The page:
Leo Kirch has always relished secrecy. His eponymous media empire now crumbling under the weight of up to $10 billion in debt and other financial obligations is so complicated that even seasoned observers are unsure of what is pledged to whom. His network of political and banking connections seems virtually impenetrable. He rarely gives interviews. He will not even say publicly which football team he supports. It's an interesting stance for a man who built his company in part on the loyalty of sports fans.
In an attempt to draw viewers to Premiere, his pay-TV service, Kirch has in the past two years paid more than $2.5 billion for a slice of Formula One racing and the rights to screen live German football matches from Berlin to Munich. But the audiences have failed to appear big time. The service is currently losing up to $2 million a day. Now, as his empire founders, Kirch has put his Formula One stake up for sale, with pundits predicting he will be lucky to get half his original outlay. Although the rights for soccer World Cups 2002 and 2006 are bringing in some income, rumors continue to swirl that Premiere will soon seek to renegotiate its $330 million annual deal with Germany's domestic league double the amount of the previous contract. "We have to bring our agreements into line with reality," Georg Kofler, the head of KirchPayTV, told the German newspaper Süddeutsche Zeitung. That reality: 2.4 million subscribers for the station, less than half the 6 million once projected. Says Kofler: "We can't continue to pay for subscribers who aren't there."
Though the prices for sports broadcasting rights have soared, audiences and advertising dollars have failed to keep pace. Kirch is not the only one to have been caught in the squeeze play. Last year, the Swiss-based sports-rights agency ISL collapsed after overpaying for the commercial rights mainly for broadcasting and sponsorship to a wide range of sports, including $1.2 billion over 10 years for men's professional tennis. Last month Rupert Murdoch's News Corp. wrote off $909 million on contracts to broadcast such sports as Major League baseball. Murdoch's BSkyB also wrote off the value of its investment in KirchPayTV to the tune of a whopping $1.4 billion. This week in Britain, broadcaster ITV Digital is expected to conduct frantic talks with the English Football League, to renegotiate a $446 million rights contract that is now threatening the financial health of the strapped service, co-owned by Granada and Carlton. "The market's been plagued by excessive optimism," says Bill Gerrard, a specialist in sports finance at Leeds University Business School. "It's coming back to earth."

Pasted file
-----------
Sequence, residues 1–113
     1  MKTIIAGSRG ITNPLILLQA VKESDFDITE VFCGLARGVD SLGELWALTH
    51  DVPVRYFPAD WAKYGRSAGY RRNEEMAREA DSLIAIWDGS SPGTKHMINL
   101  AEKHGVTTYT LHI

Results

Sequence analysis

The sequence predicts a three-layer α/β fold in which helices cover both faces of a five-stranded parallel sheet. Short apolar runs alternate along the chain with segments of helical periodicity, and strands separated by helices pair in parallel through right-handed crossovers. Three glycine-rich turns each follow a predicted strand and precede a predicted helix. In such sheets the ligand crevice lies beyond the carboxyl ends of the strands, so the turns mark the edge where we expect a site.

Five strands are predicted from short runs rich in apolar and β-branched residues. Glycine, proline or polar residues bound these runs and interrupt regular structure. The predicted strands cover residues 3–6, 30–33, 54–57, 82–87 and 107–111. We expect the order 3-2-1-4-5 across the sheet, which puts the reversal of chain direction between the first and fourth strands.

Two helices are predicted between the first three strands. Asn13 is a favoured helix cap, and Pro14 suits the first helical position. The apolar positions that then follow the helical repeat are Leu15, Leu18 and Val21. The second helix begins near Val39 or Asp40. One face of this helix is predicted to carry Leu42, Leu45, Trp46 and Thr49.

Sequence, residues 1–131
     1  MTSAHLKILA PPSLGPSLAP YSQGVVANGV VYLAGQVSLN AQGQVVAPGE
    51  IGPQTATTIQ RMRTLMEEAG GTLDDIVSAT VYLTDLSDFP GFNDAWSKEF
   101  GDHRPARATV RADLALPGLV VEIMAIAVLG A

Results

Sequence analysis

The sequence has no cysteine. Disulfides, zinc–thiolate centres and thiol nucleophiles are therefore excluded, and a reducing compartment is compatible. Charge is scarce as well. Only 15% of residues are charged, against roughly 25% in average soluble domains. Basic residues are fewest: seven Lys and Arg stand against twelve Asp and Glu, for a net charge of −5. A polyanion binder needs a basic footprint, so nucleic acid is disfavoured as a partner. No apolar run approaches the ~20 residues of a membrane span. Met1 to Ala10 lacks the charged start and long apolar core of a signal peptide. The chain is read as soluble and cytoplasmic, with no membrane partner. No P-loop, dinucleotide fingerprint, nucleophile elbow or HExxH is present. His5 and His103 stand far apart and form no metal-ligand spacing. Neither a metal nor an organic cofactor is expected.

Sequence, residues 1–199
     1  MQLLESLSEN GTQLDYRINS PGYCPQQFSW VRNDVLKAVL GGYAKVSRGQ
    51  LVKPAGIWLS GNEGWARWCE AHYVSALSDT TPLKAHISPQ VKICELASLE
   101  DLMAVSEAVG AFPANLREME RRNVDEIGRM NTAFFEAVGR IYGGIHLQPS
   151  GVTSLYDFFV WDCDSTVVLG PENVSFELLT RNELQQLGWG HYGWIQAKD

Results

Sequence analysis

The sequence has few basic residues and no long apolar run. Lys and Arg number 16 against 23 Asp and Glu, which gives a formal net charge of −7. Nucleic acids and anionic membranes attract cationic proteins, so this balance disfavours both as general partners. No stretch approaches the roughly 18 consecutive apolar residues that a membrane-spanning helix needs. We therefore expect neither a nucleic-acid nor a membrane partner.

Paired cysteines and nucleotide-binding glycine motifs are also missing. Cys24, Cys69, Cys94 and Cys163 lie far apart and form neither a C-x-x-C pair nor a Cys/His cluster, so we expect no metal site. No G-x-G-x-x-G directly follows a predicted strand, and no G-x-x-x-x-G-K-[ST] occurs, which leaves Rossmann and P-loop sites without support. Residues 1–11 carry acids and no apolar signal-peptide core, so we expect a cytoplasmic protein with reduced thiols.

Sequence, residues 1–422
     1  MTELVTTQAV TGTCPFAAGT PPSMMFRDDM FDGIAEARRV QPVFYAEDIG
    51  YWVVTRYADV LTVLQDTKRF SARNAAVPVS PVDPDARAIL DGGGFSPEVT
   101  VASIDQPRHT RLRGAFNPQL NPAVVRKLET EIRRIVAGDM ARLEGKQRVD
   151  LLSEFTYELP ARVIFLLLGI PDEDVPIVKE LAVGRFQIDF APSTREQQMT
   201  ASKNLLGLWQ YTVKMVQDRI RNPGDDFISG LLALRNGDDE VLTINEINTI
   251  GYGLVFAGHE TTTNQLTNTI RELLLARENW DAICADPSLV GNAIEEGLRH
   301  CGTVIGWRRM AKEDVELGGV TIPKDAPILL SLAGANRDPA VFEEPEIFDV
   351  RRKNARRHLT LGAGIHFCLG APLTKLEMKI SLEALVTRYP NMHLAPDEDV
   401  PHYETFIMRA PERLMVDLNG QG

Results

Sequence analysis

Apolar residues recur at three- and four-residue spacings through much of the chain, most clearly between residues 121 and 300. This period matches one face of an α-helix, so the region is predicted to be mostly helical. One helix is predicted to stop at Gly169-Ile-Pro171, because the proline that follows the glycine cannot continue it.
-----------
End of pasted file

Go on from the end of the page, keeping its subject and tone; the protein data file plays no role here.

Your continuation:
The situation is traumatic enough for those networks that put too much faith and cash in the ability of football striker Michael Owen or Formula One champion Michael Schumacher to draw viewers. But it's likely to be just as bad for the football clubs, car-racing teams and other sports organizations that have become overdependent on the broadcasting cash. Their costs are going up; their revenue ... well, that's the problem. And in the long run, as pay-TV networks consolidate they will have no other choice a two-tier rights hierarchy could develop, even in the same sport, in which marquee events draw the big television money while the routine competitions have to make do with the broadcasting crumbs, aided mainly by income from tickets and merchandise sales.